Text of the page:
Call of Duty: Modern Warfare 3, the third installment in the reimagined Modern Warfare series. It continues the narrative from where its predecessor, Call of Duty: Modern Warfare 2, left off, while also marking the return of the series’ favorite Zombies mode as well as classic maps from the original Modern Warfare 2 from 2009. A compelling package in theory, but does it deliver in practice?
The game’s story focuses on the notorious villain, Vladimir Makarov, who makes a return to the series with a fresh spin on his character. The campaign opens with an extraction mission in a gulag, which Warzone fans will be all too familiar with. It quickly becomes apparent that the influence of the popular battle royale mode has found its way into the campaign. The introduction of open-ended missions within large, sometimes recycled Warzone maps presents you with a level of freedom and decision-making not typically found in the Call of Duty series. These missions allow you to choose your approach, akin to a game of Warzone or DMZ albeit with a narrative and iconic characters accompanying you along the way.
Gunplay and traversal mechanics stand out as the finest the series has seen to date. The addition of stealth as a viable alternative to the usual firefights brings some diversity to gameplay. However, the enemy AI doesn’t afford you the margin to improvise on your mistakes, making it difficult to complete these open-ended missions undetected. In most situations, tackling enemies head-on is the easier and simpler approach.
The overall pacing leaves much to be desired, as the campaign rushes through its narrative without providing a coherent storyline. Makarov, the main antagonist, fails to establish himself as the ultimate threat due to the game’s hyperactive rhythm. The limited moments of respite in the story are few and far between, leaving you devoid of a deeper connection with the characters and plot.
Some missions do feature classic operations that deliver a more intricate and engaging experience, though such moments are often short-lived. The campaign’s reliance on recycled content and rushed storytelling contributes to it being as one of the weaker campaigns in the series. It leaves the door open for a potential Call of Duty: Modern Warfare 4, as it concludes abruptly, seemingly unprepared to offer a complete narrative on its own.
The multiplayer mode, on the other hand, stands out as a shining beacon of Modern Warfare 3’s strengths. With the availability of 16 maps, including reimagined classic maps from 2009’s Modern Warfare 2, it is undoubtedly the game’s highlight, delivering an experience that harks back to the series’ glory days, even if it leans heavily on nostalgia and recycled elements. The usual game modes, including Dominion, Team Deathmatch, and Hardpoint, remain enjoyable and addictive.
Furthermore, Call of Duty: Modern Warfare 3 brings back the “slide cancel” maneuver, the classic minimap, and makes additional adjustments that fine-tune the gameplay over its predecessor. The game also boasts a wide array of weapons, including both new additions and those inherited from Modern Warfare 2 via shared progression. Various loadouts, operators, and customizable equipment ensure diversity in combat options. On the other hand, in an effort to add some additional challenges via Armory Unlock Challenges, the progression system unnecessarily makes the process of unlocking certain basic items, such as Semtex grenades, feel tedious.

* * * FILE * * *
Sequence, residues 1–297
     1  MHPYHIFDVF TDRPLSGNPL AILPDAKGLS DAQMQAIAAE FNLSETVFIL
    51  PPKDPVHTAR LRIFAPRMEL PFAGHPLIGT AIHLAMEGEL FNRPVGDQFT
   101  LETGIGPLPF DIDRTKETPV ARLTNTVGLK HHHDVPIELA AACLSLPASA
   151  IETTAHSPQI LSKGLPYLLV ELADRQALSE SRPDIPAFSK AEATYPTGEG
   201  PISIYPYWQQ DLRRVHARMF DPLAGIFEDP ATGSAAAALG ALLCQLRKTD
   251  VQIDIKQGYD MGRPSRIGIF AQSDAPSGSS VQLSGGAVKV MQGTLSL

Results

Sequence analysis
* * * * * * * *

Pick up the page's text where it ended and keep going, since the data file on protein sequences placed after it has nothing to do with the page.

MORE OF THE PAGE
Modern Warfare 3’s Zombies mode combines elements of traditional Treyarch zombies with DMZ and a dash of Call of Duty Cold War’s Outbreak mode, resulting in an open-world experience on the expansive map of Urzikstan. This hybrid mode combines elements of zombies, wall weapons, mystery boxes, drinks, and upgrades, blended with vehicles, PvE encounters with armed mercenaries, challenges, and contracts. The objective revolves around gathering weapons, eliminating zombies, and completing contracts for rewards. As the game progresses, you delve deeper into the city, facing increasingly challenging tasks.
The map is divided into circular zones, with the outer areas featuring weaker zombies and the central regions offering greater rewards at the expense of increased danger. If you get taken out, your progress is lost, emphasizing the importance of extraction to ensure survival. The mode is split into three acts, with each offering a limited narrative context for completing a series of conventional challenges. However, it becomes evident that this mode relies heavily on repackaging existing content, with little in the way of originality.
Call of Duty: Modern Warfare 3 delivers a campaign that blends recycled content with rushed storytelling, leading to it falling short of its potential. The multiplayer mode stands out by embracing nostalgia, delivering satisfying gameplay, and offering a variety of combat options. The new Zombies mode delivers a fun yet familiar experience that incorporates elements from past titles, ultimately lacking some much-needed originality. Ultimately, Modern Warfare 3 feels like a product built upon past success, rather than breaking new ground.